The question of balancing motherhood and creativity arises constantly. The other day, I read a very interesting wake-up call over on and her head popped off. I loved the photograph of the mom going ahead with painting whilst her toddler hung upside down, squiggling on her lap. The mom in the photo is continuing her creative work regardless of being a mom as is the photographer and author. The essence of what Terri wrote was just shut up and do it. If you really want it, you’ll make it happen.

I think that’s why a lot of us mother-writers blog. It’s a piece of writing, that while it may not necessarily change the world or be the next Great American Novel, keeps us going. We can do it in the snatches of time during naps, or a bit of quiet while school aged kids are out of the house, in between loads of laundry and sinkfuls of dishes. We can focus for a few minutes, while our Big Project waits sometimes patiently, sometimes not so patiently for a chance to be the focus. We can do it while a wiggling toddler cuddles in for a snuggle while our fingers click away on a keyboard, like at this very moment that I write.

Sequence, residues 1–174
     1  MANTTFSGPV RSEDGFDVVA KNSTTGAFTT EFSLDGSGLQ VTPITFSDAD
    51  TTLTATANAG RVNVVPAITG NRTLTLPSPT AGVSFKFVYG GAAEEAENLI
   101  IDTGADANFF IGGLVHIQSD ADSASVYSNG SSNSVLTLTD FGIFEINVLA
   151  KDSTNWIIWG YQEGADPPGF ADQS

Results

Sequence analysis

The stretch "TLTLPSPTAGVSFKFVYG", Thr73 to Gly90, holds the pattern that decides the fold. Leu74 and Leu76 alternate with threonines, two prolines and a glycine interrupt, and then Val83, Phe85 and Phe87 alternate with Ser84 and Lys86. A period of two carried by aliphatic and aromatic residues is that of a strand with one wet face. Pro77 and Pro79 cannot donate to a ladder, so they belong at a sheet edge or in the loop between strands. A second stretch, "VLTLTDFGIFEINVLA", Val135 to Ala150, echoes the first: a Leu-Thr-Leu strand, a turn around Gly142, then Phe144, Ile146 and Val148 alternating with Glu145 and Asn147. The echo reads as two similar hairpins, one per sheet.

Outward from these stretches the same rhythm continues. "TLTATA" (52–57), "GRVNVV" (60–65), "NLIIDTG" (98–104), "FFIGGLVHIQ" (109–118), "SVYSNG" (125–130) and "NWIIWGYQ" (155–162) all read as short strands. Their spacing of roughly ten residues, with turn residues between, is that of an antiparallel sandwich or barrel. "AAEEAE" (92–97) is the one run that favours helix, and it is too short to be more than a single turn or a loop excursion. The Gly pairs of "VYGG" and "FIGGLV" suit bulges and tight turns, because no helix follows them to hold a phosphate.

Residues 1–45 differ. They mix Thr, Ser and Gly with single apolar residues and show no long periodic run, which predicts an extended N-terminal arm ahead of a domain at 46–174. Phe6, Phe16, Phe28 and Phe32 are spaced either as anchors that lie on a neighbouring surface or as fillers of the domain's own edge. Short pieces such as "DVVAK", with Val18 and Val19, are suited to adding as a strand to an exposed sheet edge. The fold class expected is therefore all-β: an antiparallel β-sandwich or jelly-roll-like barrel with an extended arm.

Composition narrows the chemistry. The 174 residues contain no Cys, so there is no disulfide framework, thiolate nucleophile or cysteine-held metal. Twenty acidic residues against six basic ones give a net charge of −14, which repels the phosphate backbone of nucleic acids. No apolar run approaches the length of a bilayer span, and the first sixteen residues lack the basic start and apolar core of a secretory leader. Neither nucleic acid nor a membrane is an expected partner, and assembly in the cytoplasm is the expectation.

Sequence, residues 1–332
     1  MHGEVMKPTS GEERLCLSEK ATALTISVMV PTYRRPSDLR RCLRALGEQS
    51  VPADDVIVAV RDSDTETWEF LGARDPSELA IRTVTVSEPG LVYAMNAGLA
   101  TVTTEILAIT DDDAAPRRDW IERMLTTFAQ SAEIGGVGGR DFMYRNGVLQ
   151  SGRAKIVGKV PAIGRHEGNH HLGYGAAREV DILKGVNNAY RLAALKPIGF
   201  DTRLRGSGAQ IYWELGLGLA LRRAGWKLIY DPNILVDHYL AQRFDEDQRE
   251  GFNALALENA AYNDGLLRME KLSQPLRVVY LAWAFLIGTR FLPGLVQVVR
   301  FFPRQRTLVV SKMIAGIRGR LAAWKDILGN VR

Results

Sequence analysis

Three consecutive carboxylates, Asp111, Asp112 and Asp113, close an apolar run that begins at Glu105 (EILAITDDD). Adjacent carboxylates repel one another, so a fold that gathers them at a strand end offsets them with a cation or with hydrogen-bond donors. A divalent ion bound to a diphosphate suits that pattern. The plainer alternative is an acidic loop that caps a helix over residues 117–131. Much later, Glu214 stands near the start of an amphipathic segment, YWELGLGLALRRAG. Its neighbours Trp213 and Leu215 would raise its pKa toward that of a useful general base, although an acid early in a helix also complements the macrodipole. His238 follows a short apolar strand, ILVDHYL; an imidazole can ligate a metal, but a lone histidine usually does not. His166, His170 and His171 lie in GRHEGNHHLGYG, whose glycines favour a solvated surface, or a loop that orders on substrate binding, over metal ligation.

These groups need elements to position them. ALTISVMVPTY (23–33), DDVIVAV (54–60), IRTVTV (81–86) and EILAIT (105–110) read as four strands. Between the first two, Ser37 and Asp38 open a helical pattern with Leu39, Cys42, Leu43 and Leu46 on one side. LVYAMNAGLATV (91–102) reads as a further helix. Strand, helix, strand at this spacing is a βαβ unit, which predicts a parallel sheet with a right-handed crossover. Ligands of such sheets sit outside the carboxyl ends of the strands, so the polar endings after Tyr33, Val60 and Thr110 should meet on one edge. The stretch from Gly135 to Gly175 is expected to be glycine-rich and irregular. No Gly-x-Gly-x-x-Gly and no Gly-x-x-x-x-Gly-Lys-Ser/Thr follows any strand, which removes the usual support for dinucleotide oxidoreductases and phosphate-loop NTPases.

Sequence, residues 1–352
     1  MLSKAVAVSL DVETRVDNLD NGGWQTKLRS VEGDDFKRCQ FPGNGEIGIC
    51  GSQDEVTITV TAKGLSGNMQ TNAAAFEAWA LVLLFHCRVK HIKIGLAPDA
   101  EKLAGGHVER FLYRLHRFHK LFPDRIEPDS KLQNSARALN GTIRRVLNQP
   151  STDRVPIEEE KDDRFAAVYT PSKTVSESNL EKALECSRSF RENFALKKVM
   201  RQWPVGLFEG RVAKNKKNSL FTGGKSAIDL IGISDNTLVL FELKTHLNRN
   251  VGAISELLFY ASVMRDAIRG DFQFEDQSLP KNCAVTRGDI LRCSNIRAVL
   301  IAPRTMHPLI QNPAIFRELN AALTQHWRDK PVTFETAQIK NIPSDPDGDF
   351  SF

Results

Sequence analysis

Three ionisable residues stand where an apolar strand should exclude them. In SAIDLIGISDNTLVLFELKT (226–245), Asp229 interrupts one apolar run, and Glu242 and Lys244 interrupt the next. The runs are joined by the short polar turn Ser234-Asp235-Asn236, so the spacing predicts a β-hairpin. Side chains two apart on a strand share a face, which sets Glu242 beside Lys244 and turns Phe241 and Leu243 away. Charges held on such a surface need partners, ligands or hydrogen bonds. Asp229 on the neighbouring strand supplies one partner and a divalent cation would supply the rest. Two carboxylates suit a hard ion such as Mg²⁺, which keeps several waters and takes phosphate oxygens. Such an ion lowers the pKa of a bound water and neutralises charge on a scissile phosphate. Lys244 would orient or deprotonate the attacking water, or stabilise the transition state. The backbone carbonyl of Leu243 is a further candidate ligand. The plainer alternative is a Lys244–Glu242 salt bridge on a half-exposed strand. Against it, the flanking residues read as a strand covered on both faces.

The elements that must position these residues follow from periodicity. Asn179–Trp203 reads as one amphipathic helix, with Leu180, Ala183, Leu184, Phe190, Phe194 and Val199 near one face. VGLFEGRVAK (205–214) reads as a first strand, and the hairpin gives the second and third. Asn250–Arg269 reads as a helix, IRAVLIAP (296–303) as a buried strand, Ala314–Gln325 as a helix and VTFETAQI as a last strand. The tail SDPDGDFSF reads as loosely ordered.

My old photography self of eons past has been relegated to largely okay pics of the kids and whatever catches my eye, with a little automatic easy camera rather than one I could make adjustments on, given the time and the perogative. The old dancer self still throws down in the kitchen periodically, albeit stiffly and ungainly. The old performer self regales at the dinner table in silly voices and fake opera, when I can get a word in edgewise among the constant stream of noise from all three kids. The old drawing self, will doodle now and then, and more often pretend large invisible canvases in sweeping gestures with my arms while I sit vegging out in front of the tv of an evening, too exhausted to do anything more. Honey must wonder what I’m doing over there, but is too polite or exhausted himself. Other times, I am making chi pottery, sitting with my hands balled around or manipulating invisible clay.

And I blog. I post something every weekday since I started this with the exception of when I took a summer excursion.

I know I have a manuscript that really wants to be finished and shopped. Believe me, if I could focus on that right now, I would. But when it comes to the big writing, I need more mental energy than I currently have. I also have three horizontal file drawers of poems and short stories that could use editing, compiling, submitting, as well as how many on the hard drive that need the same, and the three journals in my bedside drawer, dog-eared where good ideas are languishing. And then there’s that screenplay idea from about eight years ago that still won’t die, and I’ve lost the outline for ages ago.